Bavarian Bluegrass Sausage And Kraut.
A fun twist on a one pot wonder.













Sunday, September 18, 2016

Vines

The arrival of early autumn grapes transports me back to our western Kentucky farm and memories of the grapevines my grandmother grew along the whitewashed wooden fences surrounding her country garden. I loved those grapevines. Gnarled into twisted knots over years of growth, they eventually became part of the fencing, adding another barrier to keep the critters at bay. During the early season, after the leaves unfurled, tiny taut grapes popped from the vines. The young unripened grapes packed a whopping sour punch that only a mischievous transplanted farm boy could love. Bitter, tart, and (technically) off limits, the green grapes were my secret summertime afternoon snack. The original Sour Patch Kids. Nature's candy. I adored and devoured them at any chance. In time, as summer slipped into fall, the grapes slowly ripened into musty blueish-purple concord grapes filled with large crunchy seeds clinging to messy wet pulp. Covered with windswept powdery garden dirt, they were too much work for an undercover grape thief. By then, it was my grandmother's turn with the grapes. With little fanfare, she'd gather what the scavengers hadn't seized to put up unheralded pint jars of jelly and jam to overwinter in the dark dank cellar.

Nowadays, when local grapes quietly sneak into our farmers market and the blistering heat of summer gives way to cooler temperatures, I feel the same gentle shift in seasons from my childhood days on the farm.

Butternut Squash Ravioli with Roasted Mars Grapes, Gorgonzola, and Brown Butter.
While the flavor profile of  butternut squash ravioli splashed with sage-infused brown butter might be the usual route, I took a little detour.

I carefully split two smallish 1 pound Pulaski County butternut squash in half, scooped out the seeds,
rubbed them with olive oil, seasoned them salt and pepper, and placed them cut side down onto a parchment paper lined sheet pan.

After thinly slicing 3 medium sized Casey County red onions, I feathered them into a glass mixing bowl along with 1 pint Woodford County seedless purple Mars grapes. I drizzled everything with olive oil before adding salt and pepper. After  scattering the grapes and onions around the butternut squash, I slid the sheet pan into a preheated 400 degree oven for 40 minutes, turning the, grapes, and onions half way through.

When the onions caramelized and the grapes were on the brink of collapse, I pulled everything from the oven to rest

Filling.
I scooped the cooled softened squash flesh into a food processor (about 1 1/2 cups), added 1/2 cup mascarpone cheese, 1/3 cup grated parmigiano-reggiano cheese, 3 ounces creamy gorgonzola cheese, 1/3 of the roasted red onions, salt, and pepper. After blending the mix until velvety smooth, I set it aside to cool.

Pasta.
I typically roll with a delicate egg based pasta dough, but went with a sturdier combination of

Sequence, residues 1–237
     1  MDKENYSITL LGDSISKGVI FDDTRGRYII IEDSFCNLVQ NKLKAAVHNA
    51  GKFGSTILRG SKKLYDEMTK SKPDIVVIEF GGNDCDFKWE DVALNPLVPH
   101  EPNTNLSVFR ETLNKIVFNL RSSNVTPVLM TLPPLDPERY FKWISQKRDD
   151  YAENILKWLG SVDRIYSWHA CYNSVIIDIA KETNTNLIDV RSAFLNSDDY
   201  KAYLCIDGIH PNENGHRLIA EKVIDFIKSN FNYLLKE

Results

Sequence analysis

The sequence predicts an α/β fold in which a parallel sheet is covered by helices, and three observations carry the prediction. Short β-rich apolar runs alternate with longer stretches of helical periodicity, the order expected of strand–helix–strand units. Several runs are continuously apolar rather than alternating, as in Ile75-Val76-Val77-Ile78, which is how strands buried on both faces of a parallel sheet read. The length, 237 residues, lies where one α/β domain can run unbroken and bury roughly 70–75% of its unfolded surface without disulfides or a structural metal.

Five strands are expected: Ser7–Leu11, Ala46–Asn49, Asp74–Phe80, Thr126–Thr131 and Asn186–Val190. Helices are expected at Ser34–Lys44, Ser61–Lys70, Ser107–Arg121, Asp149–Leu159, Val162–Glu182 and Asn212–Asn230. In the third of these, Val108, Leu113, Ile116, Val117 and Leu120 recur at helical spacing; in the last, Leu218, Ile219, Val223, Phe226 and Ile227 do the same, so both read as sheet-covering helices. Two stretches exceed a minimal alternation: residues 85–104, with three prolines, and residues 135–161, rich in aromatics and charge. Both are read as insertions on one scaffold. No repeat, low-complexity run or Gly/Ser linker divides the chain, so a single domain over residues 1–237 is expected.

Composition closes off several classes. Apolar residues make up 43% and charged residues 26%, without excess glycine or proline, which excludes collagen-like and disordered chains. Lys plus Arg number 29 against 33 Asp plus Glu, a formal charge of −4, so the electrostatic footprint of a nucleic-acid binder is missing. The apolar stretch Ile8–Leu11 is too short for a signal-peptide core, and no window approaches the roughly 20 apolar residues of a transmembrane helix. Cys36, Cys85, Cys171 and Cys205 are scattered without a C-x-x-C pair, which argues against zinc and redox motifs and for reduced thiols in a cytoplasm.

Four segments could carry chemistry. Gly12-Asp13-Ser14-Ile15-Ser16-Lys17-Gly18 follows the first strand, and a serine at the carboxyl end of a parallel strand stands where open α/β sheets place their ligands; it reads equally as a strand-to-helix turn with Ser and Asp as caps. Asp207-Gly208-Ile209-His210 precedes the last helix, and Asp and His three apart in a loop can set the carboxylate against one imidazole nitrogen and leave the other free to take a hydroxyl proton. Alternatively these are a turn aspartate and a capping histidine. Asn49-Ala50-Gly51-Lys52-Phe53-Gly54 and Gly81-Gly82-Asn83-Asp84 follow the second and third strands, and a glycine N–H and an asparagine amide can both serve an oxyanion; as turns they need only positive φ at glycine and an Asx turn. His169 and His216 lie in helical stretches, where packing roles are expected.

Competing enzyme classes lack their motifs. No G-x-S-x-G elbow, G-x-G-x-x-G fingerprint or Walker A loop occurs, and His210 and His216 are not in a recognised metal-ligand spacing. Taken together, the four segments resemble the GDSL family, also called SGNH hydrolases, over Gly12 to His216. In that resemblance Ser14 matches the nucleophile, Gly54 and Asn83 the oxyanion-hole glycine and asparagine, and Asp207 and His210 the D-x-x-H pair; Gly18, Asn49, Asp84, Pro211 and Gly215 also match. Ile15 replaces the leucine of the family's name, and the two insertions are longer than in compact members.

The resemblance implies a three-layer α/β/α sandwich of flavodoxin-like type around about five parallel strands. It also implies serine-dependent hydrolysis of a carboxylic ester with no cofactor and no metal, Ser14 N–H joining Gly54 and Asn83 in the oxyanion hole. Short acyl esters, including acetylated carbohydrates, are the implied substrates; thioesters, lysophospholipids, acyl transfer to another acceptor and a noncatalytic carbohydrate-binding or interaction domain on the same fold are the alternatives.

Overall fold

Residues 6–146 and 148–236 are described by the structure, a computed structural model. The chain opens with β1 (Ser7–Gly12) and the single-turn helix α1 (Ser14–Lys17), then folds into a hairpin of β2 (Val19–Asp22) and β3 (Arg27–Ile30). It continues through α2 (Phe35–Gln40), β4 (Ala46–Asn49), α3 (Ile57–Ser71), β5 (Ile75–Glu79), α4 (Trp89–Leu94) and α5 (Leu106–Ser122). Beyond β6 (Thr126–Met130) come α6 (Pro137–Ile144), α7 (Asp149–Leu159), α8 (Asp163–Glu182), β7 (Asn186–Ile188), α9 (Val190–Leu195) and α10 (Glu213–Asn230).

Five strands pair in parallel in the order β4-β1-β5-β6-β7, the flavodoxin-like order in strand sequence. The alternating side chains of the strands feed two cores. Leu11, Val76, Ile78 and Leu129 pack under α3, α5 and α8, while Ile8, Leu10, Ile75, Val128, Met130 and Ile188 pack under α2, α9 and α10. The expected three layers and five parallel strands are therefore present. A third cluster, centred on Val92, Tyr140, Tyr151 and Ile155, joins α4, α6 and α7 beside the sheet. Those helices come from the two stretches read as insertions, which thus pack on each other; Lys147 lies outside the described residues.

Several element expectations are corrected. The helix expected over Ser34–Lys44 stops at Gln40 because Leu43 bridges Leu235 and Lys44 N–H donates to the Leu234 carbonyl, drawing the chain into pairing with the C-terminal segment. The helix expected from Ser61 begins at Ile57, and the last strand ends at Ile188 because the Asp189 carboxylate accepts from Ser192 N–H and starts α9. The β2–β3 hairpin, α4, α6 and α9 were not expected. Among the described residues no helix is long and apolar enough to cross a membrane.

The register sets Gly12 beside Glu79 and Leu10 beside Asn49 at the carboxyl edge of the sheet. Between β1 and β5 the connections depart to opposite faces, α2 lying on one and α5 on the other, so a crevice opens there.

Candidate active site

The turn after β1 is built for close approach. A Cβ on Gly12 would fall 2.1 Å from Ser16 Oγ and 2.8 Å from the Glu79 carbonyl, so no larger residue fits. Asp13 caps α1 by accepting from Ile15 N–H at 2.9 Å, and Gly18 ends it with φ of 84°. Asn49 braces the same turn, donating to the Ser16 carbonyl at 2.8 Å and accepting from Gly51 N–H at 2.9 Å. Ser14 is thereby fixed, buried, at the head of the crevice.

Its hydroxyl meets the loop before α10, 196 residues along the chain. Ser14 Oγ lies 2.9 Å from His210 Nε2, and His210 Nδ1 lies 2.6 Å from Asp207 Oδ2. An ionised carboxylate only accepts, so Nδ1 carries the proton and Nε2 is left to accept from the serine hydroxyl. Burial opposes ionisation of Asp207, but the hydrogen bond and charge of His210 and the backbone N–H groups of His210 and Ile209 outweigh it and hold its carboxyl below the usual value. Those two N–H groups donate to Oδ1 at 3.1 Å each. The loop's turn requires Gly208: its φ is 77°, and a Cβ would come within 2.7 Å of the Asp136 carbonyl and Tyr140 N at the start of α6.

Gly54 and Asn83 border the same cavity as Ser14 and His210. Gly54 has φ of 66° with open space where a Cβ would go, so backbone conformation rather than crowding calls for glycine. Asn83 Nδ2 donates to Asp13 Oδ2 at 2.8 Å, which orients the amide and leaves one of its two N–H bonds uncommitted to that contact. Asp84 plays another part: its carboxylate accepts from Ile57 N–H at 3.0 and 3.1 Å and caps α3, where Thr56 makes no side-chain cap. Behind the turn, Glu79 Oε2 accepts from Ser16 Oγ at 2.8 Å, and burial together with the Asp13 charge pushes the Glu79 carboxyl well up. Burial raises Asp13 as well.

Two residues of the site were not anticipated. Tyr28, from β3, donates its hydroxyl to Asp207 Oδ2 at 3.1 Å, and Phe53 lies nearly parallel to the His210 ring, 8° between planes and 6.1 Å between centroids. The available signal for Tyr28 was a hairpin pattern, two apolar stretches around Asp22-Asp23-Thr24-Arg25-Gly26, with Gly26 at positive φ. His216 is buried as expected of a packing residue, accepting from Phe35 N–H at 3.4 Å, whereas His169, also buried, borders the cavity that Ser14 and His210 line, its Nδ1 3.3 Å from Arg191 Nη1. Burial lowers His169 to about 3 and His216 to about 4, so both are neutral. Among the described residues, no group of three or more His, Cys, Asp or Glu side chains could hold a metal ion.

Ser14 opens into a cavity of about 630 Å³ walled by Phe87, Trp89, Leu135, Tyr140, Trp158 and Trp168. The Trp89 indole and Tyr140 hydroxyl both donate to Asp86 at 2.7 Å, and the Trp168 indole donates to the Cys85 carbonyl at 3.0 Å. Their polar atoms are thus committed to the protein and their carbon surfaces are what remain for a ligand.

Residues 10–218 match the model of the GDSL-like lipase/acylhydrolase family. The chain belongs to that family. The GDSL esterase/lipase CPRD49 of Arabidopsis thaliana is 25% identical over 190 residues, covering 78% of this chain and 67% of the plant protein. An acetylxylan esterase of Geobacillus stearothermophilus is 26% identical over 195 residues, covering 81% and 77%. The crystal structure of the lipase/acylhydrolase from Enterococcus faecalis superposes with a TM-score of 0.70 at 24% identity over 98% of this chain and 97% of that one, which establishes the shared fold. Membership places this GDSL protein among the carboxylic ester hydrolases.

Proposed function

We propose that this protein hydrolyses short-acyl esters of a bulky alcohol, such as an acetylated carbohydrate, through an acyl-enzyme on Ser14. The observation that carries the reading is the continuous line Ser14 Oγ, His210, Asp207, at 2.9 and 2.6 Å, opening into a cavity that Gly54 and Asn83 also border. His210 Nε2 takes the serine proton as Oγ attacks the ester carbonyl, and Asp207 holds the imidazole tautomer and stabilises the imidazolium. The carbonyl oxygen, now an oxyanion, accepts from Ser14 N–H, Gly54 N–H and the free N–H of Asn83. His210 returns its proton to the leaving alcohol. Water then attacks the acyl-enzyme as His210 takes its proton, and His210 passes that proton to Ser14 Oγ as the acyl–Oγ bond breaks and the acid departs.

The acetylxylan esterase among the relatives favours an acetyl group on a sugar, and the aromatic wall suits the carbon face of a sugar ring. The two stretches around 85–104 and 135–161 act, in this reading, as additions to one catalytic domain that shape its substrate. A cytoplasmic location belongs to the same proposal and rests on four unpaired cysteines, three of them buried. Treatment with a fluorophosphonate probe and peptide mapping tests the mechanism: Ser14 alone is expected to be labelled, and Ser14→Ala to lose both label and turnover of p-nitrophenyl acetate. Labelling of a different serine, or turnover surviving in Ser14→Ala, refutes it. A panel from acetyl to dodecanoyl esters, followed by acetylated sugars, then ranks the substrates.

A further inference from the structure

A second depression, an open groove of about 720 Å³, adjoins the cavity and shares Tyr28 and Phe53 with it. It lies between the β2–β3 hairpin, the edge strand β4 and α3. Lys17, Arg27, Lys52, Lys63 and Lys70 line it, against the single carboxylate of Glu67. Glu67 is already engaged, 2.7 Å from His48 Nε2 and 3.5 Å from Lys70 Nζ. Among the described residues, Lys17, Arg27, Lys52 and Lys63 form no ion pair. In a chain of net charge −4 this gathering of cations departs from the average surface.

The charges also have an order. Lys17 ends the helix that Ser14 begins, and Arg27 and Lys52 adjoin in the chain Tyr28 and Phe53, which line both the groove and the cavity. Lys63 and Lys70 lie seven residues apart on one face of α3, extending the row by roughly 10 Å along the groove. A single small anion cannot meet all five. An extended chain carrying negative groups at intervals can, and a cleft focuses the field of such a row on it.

semolina flour, 00 flour, and eggs for structure.

I spooned 1 cup semolina flour into the bowl of a food processor, added 1/3 cups 00 flour (bread flour would have been fine) 2 large eggs, 1 tablespoon olive oil, and salt. With the motor running, I drizzled about 1 tablespoon ice water into the mix and let it rip until it formed a ball around the blade. After scooping the dough out onto a floured board, I kneaded the dough for a few minutes, wrapped it in plastic wrap, and set it aside to rest for 10 minutes.

I cut the dough into 4 pieces and covered them with a clean dish towel. Working with 1 quarter at a time, I flattened the dough with the palm of my hand until it was about 1/2' thick and fed it through the widest setting of a pasta machine  4 times, folding it in half after each pass. When the dough was smooth and pliable, I passed it through the rollers while decreasing the setting after each pass. Stopping shy of the last setting, I placed the pasta onto floured parchment paper and repeated the process with the remaining dough until I had 4 very long pasta sheets. I trimmed them up, and squared them off, covered them with a dish towel, and poured myself a glass of wine.



The fun part.
With the pasta dough on deck, I spooned dollops of the butternut squash filling down the center of half the pasta sheets, brushed an egg wash between the dollops, draped the remaining pasta sheets over the bottom layers, carefully pressed out any air pockets, cut the filled pasta with a round ravioli stamp, and set them aside.

After a quick rest, I dropped the ravioli into a large  pot of salted boiling water, let them rip until they floated to the top, and scooped them out onto a dish towel to drain.

Brown Butter.
Quick fire. Less is more. Brown butter can turn ugly in the blink of an eye. After melting 1/2 cup unsalted butter in a heavy saucepan, I cranked the heat to medium high, let the butter foam up, settle down, and pulled it from the heat.

I nestled the ravioli into puddles of the toasted brown butter, drizzled a bit more over the top, and tucked the reserved roasted grapes to the side before finishing with crumbled gorgonzola cheese, caramelized onions, fresh lemon thyme, and swirls of roasted grape jus.


Simple flavors.
Unexpected.
Familiar.

Fabulous.












Friday, August 26, 2016

Bourbon Bells